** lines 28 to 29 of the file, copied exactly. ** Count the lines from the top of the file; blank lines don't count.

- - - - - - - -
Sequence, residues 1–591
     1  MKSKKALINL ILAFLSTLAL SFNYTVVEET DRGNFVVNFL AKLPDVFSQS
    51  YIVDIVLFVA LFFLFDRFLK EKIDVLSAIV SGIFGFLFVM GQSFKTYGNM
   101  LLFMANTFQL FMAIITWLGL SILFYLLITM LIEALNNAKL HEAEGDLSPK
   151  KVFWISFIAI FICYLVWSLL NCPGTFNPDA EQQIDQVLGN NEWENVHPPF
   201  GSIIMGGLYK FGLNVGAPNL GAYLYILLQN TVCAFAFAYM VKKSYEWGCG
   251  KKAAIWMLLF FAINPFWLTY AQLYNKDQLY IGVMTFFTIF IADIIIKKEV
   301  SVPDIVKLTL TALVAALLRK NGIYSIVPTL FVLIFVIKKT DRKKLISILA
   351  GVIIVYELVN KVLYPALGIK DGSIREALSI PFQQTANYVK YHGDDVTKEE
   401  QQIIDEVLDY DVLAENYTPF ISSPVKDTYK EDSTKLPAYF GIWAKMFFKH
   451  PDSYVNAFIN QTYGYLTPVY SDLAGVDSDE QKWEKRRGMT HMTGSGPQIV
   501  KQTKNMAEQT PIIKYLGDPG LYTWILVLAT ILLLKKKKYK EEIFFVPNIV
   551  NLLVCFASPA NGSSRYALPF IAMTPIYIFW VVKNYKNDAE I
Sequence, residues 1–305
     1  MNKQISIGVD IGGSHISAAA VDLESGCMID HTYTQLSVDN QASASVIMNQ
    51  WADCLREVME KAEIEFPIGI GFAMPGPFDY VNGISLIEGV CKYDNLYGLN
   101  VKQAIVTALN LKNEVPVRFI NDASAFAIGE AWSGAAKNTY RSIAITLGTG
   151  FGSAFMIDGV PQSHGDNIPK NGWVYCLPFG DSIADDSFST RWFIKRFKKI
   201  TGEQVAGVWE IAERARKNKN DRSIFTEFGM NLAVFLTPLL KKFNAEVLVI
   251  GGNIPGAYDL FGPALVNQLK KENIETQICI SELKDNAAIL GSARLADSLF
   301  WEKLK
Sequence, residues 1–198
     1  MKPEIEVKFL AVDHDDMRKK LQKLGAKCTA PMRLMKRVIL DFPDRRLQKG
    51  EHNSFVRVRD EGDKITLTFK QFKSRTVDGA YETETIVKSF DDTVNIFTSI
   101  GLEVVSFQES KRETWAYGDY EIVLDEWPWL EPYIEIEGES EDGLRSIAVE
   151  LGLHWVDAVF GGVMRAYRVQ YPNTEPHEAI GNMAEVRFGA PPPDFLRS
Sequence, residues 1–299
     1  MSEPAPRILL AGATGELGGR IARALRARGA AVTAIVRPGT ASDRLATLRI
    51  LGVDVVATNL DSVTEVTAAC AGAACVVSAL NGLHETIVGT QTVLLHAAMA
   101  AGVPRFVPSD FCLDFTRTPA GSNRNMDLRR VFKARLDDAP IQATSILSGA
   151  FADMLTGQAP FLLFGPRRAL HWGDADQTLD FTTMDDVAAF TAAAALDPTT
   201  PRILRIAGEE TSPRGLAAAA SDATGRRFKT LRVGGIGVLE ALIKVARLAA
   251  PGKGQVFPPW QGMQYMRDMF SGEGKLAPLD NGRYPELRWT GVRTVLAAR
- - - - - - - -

     1  MSEPAPRILL AGATGELGGR IARALRARGA AVTAIVRPGT ASDRLATLRI
    51  LGVDVVATNL DSVTEVTAAC AGAACVVSAL NGLHETIVGT QTVLLHAAMA